To tell his audio engine what lines to draw, he solicited Darkplaces – an open source Quake rendering engine – and had it strip polygons down to the bare minimum. Then he had to whip out the digital hedge trimmers and continue pruning. This writeup really cannot do justice to all the ingenious tricks used to shove the most useful data possible through a headphone jack. If this kind of thing interests you at all, do yourself a favor and check out his well-illustrated project log.
In the end [Pekka] was not entirely happy with the results. The result is playable, but only just barely. The laptop struggles to keep it simple enough, the soundcard struggles to add enough detail and the scope struggles to display it all quickly enough. At the very least it sets the bar extraordinarily high for anyone looking to one-up him using this method. There is only so much water that can be squeezed from a rock.
See the video below of [Pekka] playing the first level of Quake.
Continue reading “Ultimate Oscilloscope Hack – Quake in Realtime”
The Amazon Fire TV is Amazon’s answer to all of the other streaming media devices on the market today. Amazon is reportedly selling these devices at cost, making very little off of the hardware sales. Instead, they are relying on the fact that most users will rent or purchase digital content on these boxes, and they can make more money in the long run this way. In fact, the device does not allow users to download content directly from the Google Play store, or even play media via USB disk. This makes it more likely that you will purchase content though Amazon’s own channels.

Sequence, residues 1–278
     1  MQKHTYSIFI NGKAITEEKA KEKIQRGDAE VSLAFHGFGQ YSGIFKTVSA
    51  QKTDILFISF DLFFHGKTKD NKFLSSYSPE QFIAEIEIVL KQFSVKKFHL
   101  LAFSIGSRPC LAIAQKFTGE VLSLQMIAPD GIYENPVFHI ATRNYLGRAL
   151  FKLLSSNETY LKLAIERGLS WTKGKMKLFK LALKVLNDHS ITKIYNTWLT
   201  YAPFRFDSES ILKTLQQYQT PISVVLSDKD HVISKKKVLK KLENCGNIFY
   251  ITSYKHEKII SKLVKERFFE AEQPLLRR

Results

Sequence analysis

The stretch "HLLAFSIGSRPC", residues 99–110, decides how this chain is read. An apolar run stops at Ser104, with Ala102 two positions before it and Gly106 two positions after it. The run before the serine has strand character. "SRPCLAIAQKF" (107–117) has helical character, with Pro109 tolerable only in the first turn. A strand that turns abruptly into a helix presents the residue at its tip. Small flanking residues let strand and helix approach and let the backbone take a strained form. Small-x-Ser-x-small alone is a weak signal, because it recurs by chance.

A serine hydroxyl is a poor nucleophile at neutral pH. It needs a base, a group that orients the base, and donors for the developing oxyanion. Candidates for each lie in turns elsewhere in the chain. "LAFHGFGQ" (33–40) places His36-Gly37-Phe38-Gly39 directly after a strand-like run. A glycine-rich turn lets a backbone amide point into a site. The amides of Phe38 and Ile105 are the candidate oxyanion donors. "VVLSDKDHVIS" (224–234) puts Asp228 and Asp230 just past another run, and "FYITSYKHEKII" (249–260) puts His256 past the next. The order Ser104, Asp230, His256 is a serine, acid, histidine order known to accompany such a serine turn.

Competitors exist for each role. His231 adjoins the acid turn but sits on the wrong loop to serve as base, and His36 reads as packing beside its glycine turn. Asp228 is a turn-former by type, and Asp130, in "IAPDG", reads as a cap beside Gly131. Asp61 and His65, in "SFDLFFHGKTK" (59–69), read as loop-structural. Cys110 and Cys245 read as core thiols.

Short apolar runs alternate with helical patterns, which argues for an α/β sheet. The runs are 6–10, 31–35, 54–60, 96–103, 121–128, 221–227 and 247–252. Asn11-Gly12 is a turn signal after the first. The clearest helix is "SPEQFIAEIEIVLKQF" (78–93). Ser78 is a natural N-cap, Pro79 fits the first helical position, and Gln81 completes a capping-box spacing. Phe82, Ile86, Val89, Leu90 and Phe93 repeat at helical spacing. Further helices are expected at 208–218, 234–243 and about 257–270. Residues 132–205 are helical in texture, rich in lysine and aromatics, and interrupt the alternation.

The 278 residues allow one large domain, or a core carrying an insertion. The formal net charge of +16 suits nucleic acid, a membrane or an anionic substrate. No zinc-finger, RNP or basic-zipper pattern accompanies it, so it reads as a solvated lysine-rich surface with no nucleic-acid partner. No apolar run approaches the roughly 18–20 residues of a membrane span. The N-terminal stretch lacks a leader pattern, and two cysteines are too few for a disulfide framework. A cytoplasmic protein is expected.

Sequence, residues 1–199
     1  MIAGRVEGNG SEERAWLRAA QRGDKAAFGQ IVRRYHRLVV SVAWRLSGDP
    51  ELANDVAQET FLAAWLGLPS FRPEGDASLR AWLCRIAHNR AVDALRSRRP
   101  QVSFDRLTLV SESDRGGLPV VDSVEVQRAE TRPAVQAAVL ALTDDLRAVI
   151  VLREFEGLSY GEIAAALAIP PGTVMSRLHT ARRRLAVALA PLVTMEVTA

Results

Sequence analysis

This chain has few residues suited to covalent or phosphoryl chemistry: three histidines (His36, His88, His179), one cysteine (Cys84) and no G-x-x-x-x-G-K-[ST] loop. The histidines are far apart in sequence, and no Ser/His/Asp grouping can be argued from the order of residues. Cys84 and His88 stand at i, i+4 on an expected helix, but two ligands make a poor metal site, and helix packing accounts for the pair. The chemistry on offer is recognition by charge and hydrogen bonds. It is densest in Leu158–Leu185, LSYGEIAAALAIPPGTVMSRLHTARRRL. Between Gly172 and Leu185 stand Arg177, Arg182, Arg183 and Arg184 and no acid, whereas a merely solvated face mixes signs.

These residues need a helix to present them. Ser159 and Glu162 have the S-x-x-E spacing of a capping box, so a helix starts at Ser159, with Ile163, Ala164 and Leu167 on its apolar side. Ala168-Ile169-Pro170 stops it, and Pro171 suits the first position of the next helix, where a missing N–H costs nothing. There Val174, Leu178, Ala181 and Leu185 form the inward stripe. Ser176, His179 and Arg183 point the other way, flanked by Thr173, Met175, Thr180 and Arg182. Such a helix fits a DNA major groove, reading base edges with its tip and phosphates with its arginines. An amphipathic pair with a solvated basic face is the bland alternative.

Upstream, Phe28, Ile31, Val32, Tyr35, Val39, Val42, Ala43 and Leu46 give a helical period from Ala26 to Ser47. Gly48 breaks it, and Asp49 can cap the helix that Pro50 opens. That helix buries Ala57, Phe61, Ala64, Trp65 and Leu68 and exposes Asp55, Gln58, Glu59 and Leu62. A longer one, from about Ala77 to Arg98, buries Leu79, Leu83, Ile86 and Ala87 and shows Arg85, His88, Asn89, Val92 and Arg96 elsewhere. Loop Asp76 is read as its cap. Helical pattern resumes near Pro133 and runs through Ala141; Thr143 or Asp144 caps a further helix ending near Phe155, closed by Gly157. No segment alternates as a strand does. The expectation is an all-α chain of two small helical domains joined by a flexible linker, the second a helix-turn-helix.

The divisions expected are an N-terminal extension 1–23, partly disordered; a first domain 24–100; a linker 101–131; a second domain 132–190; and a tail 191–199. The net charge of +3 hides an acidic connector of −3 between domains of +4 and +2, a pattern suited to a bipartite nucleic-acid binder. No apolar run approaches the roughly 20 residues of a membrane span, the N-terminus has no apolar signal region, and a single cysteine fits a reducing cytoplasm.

We’re hackers. We like to make things do what they were never intended to do. We like to add functionality. We want to customize, upgrade, and break our devices. It’s fun for us. It’s no surprise that hackers have been jail breaking these devices to see what else they are capable of. A side effect of these hacks is that content can be downloaded directly from Google Play. USB playback can also be enabled. This makes the device more useful to the consumer, but obviously is not in line with Amazon’s business strategy.
Amazon’s response to these hacks was to release a firmware update that will brick the device if it discovers that it has been rooted. It also will not allow a hacker to downgrade the firmware to an older version, since this would of course remove the root detection features.